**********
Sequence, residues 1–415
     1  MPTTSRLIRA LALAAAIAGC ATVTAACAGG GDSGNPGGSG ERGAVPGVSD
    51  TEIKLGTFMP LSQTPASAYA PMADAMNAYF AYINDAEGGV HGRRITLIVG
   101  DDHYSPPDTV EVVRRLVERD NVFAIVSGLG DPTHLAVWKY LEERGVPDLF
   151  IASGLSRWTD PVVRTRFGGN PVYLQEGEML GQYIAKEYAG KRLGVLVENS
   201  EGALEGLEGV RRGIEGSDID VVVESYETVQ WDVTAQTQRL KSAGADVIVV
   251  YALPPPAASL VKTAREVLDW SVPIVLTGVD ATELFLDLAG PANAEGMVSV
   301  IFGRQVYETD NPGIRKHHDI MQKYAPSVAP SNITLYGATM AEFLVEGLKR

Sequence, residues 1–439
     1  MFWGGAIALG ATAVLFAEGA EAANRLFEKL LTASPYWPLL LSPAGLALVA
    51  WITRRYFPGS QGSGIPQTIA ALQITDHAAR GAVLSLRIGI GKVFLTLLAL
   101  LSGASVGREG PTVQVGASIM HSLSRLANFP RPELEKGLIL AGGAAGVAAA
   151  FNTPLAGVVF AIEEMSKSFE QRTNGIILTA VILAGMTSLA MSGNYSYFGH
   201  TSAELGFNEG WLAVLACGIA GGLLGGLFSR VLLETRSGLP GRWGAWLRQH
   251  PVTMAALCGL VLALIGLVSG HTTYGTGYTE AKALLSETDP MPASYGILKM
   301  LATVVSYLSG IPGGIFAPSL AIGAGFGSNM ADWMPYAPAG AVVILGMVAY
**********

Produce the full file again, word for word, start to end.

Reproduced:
Sequence, residues 1–415
     1  MPTTSRLIRA LALAAAIAGC ATVTAACAGG GDSGNPGGSG ERGAVPGVSD
    51  TEIKLGTFMP LSQTPASAYA PMADAMNAYF AYINDAEGGV HGRRITLIVG
   101  DDHYSPPDTV EVVRRLVERD NVFAIVSGLG DPTHLAVWKY LEERGVPDLF
   151  IASGLSRWTD PVVRTRFGGN PVYLQEGEML GQYIAKEYAG KRLGVLVENS
   201  EGALEGLEGV RRGIEGSDID VVVESYETVQ WDVTAQTQRL KSAGADVIVV
   251  YALPPPAASL VKTAREVLDW SVPIVLTGVD ATELFLDLAG PANAEGMVSV
   301  IFGRQVYETD NPGIRKHHDI MQKYAPSVAP SNITLYGATM AEFLVEGLKR

Sequence, residues 1–439
     1  MFWGGAIALG ATAVLFAEGA EAANRLFEKL LTASPYWPLL LSPAGLALVA
    51  WITRRYFPGS QGSGIPQTIA ALQITDHAAR GAVLSLRIGI GKVFLTLLAL
   101  LSGASVGREG PTVQVGASIM HSLSRLANFP RPELEKGLIL AGGAAGVAAA
   151  FNTPLAGVVF AIEEMSKSFE QRTNGIILTA VILAGMTSLA MSGNYSYFGH
   201  TSAELGFNEG WLAVLACGIA GGLLGGLFSR VLLETRSGLP GRWGAWLRQH
   251  PVTMAALCGL VLALIGLVSG HTTYGTGYTE AKALLSETDP MPASYGILKM
   301  LATVVSYLSG IPGGIFAPSL AIGAGFGSNM ADWMPYAPAG AVVILGMVAY